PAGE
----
It seems like the Holy Grail for dieters…
Increase the number of calories you burn without exercising or changing what you eat.
This metabolic acceleration would allow you to lose weight far easier than going on a traditional diet that forces you to eat less and go hungry. Nor would you have to exercise yourself into exhaustion.
This isn’t just a fantasy. Researchers recently discovered how to do it.
They published their findings in the Journal of Clinical Endocrinology & Metabolism.
They examined something called diet-induced thermogenesis. This is a process by which your body burns calories by creating heat after a meal. It accounts for up to 15% of all you the calories you burn.
Diet-induced thermogenesis burns calories without you having to do anything. And it turns out there’s a way to accelerate it.
Scientists had volunteers eat a low-calorie breakfast and a high-calorie supper. Then they switched it around and had them eat a high-calorie breakfast and a low-calorie dinner.
After three days, the researchers found that front-loading calories—eating a heavy breakfast and a light dinner–increased the calorie burn from diet-induced thermogenesis by 250%.
They also found that blood sugar and insulin spikes were lower. And so were food cravings, especially for sweets.
The bottom line?
A big breakfast meal and light evening meal can help you lose weight while lowering blood sugar.
Dr. Juliane Richter was one of the study authors. She recommends that overweight as well as healthy people “eat a large breakfast rather than a large dinner to reduce body weight and prevent metabolic diseases.”
Big Breakfast Boosts Your Metabolism
The research confirms two earlier studies:
Italian researchers found that you can increase weight loss by 25% by eating 70% of your calories for breakfast and lunch.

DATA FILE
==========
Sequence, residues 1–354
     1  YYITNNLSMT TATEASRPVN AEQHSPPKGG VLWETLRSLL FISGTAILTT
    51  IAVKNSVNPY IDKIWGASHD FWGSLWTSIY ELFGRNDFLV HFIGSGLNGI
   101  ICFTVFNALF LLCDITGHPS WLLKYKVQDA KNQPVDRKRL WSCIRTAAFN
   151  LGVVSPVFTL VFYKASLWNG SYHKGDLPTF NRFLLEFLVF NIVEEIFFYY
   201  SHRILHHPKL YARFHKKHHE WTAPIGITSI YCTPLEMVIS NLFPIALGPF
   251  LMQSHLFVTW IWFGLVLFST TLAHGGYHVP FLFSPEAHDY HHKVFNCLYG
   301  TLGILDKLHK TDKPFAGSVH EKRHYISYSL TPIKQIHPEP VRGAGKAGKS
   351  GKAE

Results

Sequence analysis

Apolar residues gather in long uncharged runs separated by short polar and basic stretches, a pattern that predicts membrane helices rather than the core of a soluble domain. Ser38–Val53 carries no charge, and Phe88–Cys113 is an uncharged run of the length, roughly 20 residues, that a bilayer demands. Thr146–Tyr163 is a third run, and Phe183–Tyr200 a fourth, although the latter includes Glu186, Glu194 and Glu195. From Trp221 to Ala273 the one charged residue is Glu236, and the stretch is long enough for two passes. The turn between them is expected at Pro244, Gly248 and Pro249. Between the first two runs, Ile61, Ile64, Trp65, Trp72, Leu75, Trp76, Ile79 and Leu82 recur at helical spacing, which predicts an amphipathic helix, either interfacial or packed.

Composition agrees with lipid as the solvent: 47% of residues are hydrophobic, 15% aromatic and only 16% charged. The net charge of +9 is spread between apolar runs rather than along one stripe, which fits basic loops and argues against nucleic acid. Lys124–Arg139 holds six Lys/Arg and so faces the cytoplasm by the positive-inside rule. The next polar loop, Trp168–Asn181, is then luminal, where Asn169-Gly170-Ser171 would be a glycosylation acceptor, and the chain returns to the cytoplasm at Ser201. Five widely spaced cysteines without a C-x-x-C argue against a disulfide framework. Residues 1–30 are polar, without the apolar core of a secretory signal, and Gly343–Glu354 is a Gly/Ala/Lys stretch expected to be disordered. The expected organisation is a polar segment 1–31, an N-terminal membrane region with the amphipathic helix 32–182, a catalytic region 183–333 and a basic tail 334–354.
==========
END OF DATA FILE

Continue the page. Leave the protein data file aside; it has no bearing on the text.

The study found that dieters who front loaded their calories were able to lose 18 pounds in three months, compared to just 14 pounds for people who ate a bigger dinner.
Another study published in the International Journal of Obesity tracked 420 participants in a 20-week weight-loss program. Half were early eaters, getting more of their calories early in the day. The other half did most of their eating later. They tended to skip breakfast and eat big dinners.
The early eaters lost an average of 22 pounds during the study. The late eaters lost 17 pounds.
Dr. Frank Scheer of Harvard Medical School was an author of the study. The findings show that “the timing of large meals could be an important factor in weight loss.”
The message is clear…
If you’re trying to lose weight, you’ll be more successful if you do most of your eating earlier in the day.
Editor’s Note: If you’re trying to lose weight, don’t fall for the calorie cutting myth. Calories don’t drive weight gain. Something else does. And it’s easy to control. Discover more by reading The Weight-Loss-for-Life Protocol. It’s in Independent Healing, the monthly newsletter that deciphers the latest science to bring you unbiased medical information that can transform your health. Find out more HERE.